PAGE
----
We can place a federal band on their leg so that if they are ever encountered again, we can identify that individual and gain information such as about how long it lived and where it moved relative to where we released it,” Franzen-Klein says.
However, assisting juvenile raptors has a larger impact than perpetuating and tracking their species.
Each raptor that arrives at TRC has a story to tell, and babies are no different. The data staff collect from young patients provide not only a medical history of the bird but give insight into the environmental health of the area where it was found.
“By assisting juvenile raptors in need, we gain more information about what is going on in our local ecosystem based on the reason they come in for care,” Franzen-Klein says. “This allows us to keep an eye on our local ecosystem as a whole.”
Unlike adults, young raptors remain in the nest and aren’t flying miles and miles a day to find food. Adults tend to stay within their territory to hunt for their young, which narrows any sort of interaction with human activity to a defined area. For example, if there are pollutants present in sources of food such as fish, research has found it’s possible to detect trace amounts in juvenile birds.
"Fish are the vacuum cleaners of the water—they’re immersed in it so it ends up in their tissues,” Buhl says. “Say an eagle swoops down and grabs the fish to bring it back to its nest and feed its babies. A low amount of pollutants may not kill the young raptors, but researchers are using the traces they do find in their blood to help determine the human impact on water quality.”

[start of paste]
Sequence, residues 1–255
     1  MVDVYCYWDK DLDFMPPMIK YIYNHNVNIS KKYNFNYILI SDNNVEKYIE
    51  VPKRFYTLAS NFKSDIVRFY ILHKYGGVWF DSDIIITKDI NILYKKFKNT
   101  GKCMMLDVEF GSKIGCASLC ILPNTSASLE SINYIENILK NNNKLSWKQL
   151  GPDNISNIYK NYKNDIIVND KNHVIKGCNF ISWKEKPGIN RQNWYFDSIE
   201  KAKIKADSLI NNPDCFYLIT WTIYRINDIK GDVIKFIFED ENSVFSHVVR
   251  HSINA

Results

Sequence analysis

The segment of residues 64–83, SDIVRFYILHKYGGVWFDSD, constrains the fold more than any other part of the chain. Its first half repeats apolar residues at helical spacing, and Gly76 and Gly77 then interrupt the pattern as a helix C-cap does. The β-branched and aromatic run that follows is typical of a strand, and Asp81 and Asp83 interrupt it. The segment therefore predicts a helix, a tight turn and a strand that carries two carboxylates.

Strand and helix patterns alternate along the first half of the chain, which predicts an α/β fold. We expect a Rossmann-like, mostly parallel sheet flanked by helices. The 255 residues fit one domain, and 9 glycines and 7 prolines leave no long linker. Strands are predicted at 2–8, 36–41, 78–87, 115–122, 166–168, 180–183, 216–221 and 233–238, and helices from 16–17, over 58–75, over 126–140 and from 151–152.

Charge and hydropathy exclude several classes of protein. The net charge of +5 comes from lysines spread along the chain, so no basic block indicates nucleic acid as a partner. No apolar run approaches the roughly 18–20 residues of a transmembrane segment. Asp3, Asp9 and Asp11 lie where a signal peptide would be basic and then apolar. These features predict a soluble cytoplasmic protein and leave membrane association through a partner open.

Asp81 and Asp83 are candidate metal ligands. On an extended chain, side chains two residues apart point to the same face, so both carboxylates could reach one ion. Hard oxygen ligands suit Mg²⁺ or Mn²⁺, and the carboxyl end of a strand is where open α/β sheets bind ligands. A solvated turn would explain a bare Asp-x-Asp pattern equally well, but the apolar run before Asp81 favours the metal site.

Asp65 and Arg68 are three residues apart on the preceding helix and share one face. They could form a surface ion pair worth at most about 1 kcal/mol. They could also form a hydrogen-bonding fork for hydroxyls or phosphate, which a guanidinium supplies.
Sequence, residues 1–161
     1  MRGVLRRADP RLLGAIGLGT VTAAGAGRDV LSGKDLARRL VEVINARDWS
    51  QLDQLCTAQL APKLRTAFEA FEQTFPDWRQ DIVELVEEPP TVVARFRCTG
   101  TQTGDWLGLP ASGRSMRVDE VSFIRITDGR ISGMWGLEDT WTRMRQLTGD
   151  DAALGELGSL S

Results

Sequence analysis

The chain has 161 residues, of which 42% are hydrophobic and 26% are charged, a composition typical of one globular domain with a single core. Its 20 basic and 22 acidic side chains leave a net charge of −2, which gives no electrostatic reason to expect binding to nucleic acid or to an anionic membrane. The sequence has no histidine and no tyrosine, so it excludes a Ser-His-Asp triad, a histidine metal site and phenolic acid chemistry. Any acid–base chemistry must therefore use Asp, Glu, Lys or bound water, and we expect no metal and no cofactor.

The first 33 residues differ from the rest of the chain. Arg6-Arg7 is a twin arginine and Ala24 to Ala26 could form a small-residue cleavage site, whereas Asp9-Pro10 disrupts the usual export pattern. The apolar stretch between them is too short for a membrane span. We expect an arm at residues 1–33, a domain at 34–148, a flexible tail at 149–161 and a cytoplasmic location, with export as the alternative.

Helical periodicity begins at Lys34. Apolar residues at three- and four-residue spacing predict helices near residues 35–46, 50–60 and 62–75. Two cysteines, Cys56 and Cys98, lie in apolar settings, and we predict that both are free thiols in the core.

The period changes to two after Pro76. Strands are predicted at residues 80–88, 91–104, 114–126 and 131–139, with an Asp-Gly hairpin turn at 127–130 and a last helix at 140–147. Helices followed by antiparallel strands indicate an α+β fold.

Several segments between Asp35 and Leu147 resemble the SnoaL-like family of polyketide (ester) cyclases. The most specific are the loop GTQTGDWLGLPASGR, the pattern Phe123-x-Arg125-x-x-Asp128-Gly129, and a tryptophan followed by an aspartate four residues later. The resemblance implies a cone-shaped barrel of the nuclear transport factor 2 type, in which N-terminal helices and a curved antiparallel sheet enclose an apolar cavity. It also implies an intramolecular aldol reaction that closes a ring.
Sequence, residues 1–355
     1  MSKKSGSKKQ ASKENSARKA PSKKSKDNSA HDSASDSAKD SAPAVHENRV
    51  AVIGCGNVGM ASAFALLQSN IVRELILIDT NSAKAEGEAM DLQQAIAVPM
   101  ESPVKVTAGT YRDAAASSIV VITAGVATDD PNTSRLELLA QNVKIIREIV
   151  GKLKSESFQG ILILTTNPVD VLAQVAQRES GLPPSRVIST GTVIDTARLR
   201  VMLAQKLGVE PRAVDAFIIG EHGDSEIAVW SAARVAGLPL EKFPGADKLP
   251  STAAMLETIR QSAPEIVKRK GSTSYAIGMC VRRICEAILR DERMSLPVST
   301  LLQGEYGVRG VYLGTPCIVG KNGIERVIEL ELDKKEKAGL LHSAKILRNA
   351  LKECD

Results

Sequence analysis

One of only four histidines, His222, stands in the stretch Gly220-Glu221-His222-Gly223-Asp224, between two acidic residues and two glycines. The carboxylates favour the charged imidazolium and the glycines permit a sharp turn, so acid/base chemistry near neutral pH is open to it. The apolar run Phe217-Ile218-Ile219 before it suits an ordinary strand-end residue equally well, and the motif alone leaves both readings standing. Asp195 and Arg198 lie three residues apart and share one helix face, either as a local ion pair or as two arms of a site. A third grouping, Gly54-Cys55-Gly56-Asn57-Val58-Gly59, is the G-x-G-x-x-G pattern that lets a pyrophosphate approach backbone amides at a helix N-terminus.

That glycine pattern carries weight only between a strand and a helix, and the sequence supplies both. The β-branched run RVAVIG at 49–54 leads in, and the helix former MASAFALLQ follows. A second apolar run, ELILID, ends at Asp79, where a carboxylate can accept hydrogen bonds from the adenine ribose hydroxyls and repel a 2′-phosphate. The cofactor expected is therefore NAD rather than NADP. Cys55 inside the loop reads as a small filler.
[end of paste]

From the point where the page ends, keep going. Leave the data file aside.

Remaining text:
A young raptor’s health also could point to other environmental issues, such as a lack of stable food supply or increased human presence such as construction and logging.
Impact of Outreach
Though human activity can have negative impacts on the environment and raptor habitat, young raptors can have a positive impact of their own on humans.
The sight of a young animal alone often prompts people to jump into action and rescue it. TRC staff and volunteers receive calls from people who are unsure of what to do when encountering a baby raptor on its own. Not all baby raptors need rescuing, but their presence provides an opening for outreach and education, according to Buhl.
“It’s not an opening to lecture anybody or to say they’re doing something wrong. They’re trying to learn,” she adds. “Most people have never had anything like this happen to them in their entire lives. They’re gonna be taking pictures, they’re gonna be telling their friends. So we want to make a good experience. Even if the animal does not survive, it can still be a fulfilling experience.”
It’s in these moments that TRC staff hope to effect change by educating people about raptors and their role in the world. Learning more about raptors in turn encourages people to think about the big picture of conservation and recognize that there are many ways they can make a difference.
It might start small with a chance encounter with a baby owl alone in a backyard, but every person who values the natural world around them has an opportunity to make a big impact one act at a time.